Luxury apartments? In this economy?
Joel Altman laughs at the question.
With small jobs popping up in local industrial parks and the rusty gears of the economy slowly turning again, this is proving to be a time to rent, said Altman, chairman of Altman Companies of Boca Raton, a developer that has built units from Michigan to Miami.
These apartments are touted for their posh amenities: an expansive clubhouse with a billiards table and fitness center. A resort-style pool and private sunning deck. An outdoor lounge area with adjoining fireplace. Luxury.
Young workers now are looking for living situations in the middle, Altman says: They have too much income for small college-type housing and they're not ready to buy a house.
In recent years they have flocked to North New Tampa and Pasco. Altman has working to develop the Pasco site since the tail end of the recession and before that, built three communities in northern Hillsborough County.
Last month, Altman Companies broke ground on 60 acres along Livingston Road between Wesley Chapel and Lutz, just inside the Pasco County Line. Altis at Grand Cypress will be a gated community with 258 units of three types in 17 buildings.
One-bedroom apartments up to 753 square feet will rent for $862 a month, two-bedroom apartments up to 1,083 square feet are $1,080 a month, and three-bedroom units up to 1,334 square are $1,390 a month.
The work is financed by an $18.4 million loan from City National Bank of Florida.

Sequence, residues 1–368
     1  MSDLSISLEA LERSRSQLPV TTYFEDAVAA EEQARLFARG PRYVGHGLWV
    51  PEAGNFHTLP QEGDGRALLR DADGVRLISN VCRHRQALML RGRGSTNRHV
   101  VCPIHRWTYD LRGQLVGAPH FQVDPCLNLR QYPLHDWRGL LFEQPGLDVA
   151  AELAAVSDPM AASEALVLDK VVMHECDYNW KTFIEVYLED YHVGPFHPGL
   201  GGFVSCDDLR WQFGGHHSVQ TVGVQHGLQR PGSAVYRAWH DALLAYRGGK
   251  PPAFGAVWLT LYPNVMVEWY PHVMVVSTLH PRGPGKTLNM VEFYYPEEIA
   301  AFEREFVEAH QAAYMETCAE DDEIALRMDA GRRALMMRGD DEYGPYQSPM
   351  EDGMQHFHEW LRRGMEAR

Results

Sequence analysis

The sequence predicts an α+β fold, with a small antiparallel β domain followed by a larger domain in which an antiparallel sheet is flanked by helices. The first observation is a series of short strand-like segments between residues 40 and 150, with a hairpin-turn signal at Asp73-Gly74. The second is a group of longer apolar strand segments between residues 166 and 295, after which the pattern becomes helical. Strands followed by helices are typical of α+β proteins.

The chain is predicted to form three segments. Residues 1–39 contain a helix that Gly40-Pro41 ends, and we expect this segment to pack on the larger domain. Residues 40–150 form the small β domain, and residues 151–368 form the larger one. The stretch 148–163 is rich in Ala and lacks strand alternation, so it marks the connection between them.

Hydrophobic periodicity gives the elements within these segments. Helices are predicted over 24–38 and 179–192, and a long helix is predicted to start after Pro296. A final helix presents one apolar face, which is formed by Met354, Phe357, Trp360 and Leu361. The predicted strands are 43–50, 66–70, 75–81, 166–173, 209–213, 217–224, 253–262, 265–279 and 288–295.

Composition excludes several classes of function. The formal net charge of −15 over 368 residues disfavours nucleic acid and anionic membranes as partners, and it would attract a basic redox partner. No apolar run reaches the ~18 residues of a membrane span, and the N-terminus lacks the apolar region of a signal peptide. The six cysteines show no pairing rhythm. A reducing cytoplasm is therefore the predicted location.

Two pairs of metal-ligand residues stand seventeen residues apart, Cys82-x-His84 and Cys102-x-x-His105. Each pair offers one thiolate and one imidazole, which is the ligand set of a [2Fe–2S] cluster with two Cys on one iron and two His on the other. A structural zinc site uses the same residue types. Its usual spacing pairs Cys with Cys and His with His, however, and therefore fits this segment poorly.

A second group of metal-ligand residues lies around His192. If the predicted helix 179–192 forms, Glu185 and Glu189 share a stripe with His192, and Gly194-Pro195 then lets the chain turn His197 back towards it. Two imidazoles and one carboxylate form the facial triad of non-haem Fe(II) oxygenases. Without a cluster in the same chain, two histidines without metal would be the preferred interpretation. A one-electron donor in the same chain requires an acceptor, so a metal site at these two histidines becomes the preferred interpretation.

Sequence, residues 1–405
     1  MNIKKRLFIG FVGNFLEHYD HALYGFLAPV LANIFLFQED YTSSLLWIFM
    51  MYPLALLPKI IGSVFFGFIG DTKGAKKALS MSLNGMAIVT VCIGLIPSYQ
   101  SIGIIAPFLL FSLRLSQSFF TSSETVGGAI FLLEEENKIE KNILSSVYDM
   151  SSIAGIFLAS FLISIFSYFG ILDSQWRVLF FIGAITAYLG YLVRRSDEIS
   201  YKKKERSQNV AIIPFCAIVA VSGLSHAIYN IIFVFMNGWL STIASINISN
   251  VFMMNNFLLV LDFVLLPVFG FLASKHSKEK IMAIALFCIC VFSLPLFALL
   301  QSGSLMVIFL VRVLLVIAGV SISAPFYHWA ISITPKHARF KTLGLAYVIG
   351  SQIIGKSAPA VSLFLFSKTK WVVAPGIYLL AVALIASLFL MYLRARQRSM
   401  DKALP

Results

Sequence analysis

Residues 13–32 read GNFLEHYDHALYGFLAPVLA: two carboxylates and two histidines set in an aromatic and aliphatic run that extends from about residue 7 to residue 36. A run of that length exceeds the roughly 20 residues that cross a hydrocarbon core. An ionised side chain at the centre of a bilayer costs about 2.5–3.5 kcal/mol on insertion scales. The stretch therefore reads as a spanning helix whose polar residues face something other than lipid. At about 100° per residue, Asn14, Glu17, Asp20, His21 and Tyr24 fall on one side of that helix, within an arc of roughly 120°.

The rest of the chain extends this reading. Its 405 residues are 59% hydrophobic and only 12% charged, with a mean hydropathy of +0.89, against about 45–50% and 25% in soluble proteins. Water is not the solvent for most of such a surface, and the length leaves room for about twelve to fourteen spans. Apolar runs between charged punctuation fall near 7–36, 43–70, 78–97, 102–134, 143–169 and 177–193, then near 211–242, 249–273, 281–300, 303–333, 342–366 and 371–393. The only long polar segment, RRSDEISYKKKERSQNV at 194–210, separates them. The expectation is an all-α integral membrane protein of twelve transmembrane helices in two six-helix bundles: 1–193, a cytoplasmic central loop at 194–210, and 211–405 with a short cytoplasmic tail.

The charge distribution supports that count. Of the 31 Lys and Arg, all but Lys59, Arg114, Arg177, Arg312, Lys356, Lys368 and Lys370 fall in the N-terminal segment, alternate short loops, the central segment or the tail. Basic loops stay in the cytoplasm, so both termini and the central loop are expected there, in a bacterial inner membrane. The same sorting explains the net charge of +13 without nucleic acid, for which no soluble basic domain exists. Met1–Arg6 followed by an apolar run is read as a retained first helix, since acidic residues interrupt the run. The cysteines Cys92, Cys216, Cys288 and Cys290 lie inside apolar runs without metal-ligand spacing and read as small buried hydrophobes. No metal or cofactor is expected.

One reason apartment builders are getting busy is a recent monthly decline of 0.2 percent in vacancy rates, the first drop in two years, according to reports from Reis, a real estate analysis company.
Apartments, new Census data shows, are driving residential construction nationwide.
Construction began on 629,000 houses in June, 14.6 percent more than in May. Apartment construction was double that, increasing 30 percent.
Among the attractions of renting over owning is that it's simpler and allows more flexibility, said Byron Moger, executive director at Cushman & Wakefield real estate consulting.
Paying first and last month's rent plus utilities is more appealing to young workers than applying for a loan that takes decades to pay off, Moger said. It also leaves them freer to take advantage of new job opportunities popping up in other parts of the country.
What's more, the collapse of the housing market tarnished the image of home ownership as an investment.
"It makes a lot more sense for people to sign a one-year lease," Moger said, particularly north of Tampa and into Pasco County.
Pasco, seventh-fastest growing of Florida's 67 counties, is expected to add two-thirds of its current population during the next 30 years, according to the University of Florida's Bureau of Economic and Business Research. The population would total 772,400.
New schools are popping up, business parks line the Interstate 75 corridor at most exits, and the commute to work in downtown Tampa is within reach.
Leasing made sense to Kathleen Turnbull, 54. She lives at one of Altman's North Tampa developments, Vista Grande at Tampa Palms.
Contract jobs come and go fast for her husband John, also 54, so the couple lives by short leases. Turnbull was in the apartment complex's leasing office one day to talk about tacking on six more months to her stay.
Vista Grande is midway between their jobs, hers as a middle school teacher in Hernando County and his as a contracted statistician for Citibank in Tampa.
"We're just sort of following the money as opposed to being in a stable place to raise children," she said.
They have a grown daughter in New York, and own homes in Virginioa and North Carolina that they rent out to pay the mortgages.
"We would just rather sit and wait and rent."